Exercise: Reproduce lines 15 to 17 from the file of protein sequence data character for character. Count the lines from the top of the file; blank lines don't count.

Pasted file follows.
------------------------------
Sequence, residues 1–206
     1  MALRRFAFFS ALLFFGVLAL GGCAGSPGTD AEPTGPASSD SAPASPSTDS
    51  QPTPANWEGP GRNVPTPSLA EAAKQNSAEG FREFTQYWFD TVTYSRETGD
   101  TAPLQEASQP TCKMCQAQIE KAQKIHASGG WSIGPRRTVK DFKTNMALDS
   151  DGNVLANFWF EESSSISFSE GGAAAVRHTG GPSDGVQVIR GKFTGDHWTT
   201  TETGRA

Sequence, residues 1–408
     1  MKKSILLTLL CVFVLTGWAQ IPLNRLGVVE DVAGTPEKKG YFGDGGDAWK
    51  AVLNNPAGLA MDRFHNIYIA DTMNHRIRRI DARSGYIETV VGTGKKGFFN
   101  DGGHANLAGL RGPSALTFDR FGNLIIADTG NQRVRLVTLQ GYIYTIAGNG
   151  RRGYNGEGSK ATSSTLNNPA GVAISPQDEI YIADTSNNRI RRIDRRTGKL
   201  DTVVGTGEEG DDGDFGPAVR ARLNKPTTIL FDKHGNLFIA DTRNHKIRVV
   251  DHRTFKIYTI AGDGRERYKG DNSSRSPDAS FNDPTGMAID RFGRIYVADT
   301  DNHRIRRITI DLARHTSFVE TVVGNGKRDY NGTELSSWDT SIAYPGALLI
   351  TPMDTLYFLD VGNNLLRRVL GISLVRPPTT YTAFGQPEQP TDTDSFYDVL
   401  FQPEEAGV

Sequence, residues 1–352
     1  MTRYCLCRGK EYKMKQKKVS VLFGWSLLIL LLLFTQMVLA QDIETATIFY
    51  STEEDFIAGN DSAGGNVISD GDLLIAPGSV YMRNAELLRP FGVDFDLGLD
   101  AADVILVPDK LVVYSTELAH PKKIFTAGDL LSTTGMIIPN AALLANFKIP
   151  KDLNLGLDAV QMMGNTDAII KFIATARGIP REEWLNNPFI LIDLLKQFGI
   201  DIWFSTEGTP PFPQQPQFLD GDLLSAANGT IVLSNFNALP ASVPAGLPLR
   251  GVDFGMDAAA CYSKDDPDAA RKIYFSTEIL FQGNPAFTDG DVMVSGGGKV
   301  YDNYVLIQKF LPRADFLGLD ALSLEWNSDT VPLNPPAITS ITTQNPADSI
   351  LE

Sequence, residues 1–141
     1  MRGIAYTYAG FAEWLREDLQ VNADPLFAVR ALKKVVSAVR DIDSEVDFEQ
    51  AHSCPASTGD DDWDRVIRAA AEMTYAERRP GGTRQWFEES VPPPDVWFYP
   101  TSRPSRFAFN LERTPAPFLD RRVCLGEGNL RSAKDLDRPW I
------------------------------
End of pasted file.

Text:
   351  TPMDTLYFLD VGNNLLRRVL GISLVRPPTT YTAFGQPEQP TDTDSFYDVL
   401  FQPEEAGV

Sequence, residues 1–352